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Hutton Buscel

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[Transcribed information mainly from the early 1820s]

"HUTTON BUSCEL, a parish in the wapentake and liberty of Pickering Lythe; 6 miles, SW. of Scarborough. Here is a very neat church embosomed in trees, dedicated to St. Matthew (see Churches for photograph), of which the Rev. G. Woolley, of Scarborough, is vicar, and Earl Fitzwilliam, the patron; here is likewise a Methodist chapel.

In the Church is a marble monument to the memory of Dr. Richard Osbaldeston, Bishop of London, who died in 1764. A great part of the manor-house was burnt to the ground, Jan. 4, 1809. The ancestor of the ancient family of Buscel or Bushels came over with William the Conqueror, and had lands assigned him not far from Seamer; there he built a church, and married Alice, sister to William do Percy, the first abbot of that monastery, about the year 1127. In the church is a marble monument, erected to the memory of Dr. Richard Osbaldeston. son of Sir Richard Osbaldeston, of Hunmanby, in the East Riding, and Bishop of London, who died in 1764; besides some others of a more recent date. Population, 419."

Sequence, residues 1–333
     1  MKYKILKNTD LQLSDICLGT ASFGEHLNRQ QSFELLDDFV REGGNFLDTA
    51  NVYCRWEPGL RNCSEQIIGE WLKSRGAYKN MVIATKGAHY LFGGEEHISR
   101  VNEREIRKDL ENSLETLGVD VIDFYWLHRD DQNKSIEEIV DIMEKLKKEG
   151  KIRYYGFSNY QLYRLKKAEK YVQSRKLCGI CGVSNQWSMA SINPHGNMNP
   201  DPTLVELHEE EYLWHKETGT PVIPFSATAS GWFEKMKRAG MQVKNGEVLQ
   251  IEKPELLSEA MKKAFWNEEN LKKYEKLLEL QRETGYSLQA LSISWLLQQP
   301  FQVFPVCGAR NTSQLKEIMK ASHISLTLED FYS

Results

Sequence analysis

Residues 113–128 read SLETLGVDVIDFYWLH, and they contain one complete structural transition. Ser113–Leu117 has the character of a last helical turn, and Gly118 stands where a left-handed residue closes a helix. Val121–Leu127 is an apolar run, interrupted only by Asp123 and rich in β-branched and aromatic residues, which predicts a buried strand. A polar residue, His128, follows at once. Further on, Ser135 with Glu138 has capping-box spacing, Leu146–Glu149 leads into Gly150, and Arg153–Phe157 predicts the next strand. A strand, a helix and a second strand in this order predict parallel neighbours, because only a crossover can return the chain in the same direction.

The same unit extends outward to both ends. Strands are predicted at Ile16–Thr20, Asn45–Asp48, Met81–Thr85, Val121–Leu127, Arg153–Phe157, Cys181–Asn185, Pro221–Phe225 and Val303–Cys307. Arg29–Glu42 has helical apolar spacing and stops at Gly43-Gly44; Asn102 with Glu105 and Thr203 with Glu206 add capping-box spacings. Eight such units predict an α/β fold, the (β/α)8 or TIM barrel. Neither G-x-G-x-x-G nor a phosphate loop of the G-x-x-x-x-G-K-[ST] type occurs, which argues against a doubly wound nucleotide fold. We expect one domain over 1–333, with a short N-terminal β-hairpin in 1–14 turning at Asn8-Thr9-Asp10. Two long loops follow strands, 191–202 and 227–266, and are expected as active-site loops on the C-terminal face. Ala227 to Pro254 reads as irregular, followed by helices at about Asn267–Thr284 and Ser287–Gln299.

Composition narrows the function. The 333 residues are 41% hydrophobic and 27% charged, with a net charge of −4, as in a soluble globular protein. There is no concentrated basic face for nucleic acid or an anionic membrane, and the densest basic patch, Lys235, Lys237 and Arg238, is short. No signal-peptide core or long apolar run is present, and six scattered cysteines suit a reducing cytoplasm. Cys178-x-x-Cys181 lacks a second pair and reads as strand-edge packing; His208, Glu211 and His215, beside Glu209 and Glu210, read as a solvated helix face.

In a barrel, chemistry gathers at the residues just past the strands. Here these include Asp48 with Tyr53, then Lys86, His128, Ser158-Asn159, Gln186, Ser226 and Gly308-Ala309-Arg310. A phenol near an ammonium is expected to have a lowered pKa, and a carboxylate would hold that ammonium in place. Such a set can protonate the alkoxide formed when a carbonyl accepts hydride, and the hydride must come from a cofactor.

"EAST AYTON, (and West Ayton), in the parishes of Seamer and Hutton Buscel, wapentake and liberty of Pickering Lythe; 1¼ miles ENE. of Hutton Buscel, 5 miles SW. of Scarborough, each pleasantly situated on the opposite banks of the river Derwent, over which is a bridge of four arches; which after winding in a confined current through the valley of Hackness, here displays a broader stream. In West Ayton stand the ruins of an ancient building (see History for photograph), once the fortified residence of the family of the Ewers, or Evers, who possessed large demesnes in this place. The village of East Ayton is celebrated for its charming valley. The lofty hills which embosom this valley rise almost perpendicular, clothed with pendant woods, under which the river Derwent meanders through the vale. These villages comprise the lordship of Gilbert, who from them assumed the name of Ayton, in the reign of Henry I. The heir of this family, in the reign of Edward II. inherited, in right of his mother, the estates of William Lord Vesci, who died without issue. From this family, it came by marriage with the heiress into the possession of Henry de Bromflete; and, by the same mode of inheritance, it became the property of the martial family of the Cliffords, of Skipton castle. Pop. 562. (see also Churches)" - -(See Seamer for directory)

[Description(s) edited mainly from various 19th century sources by Colin Hinson. ©2010]



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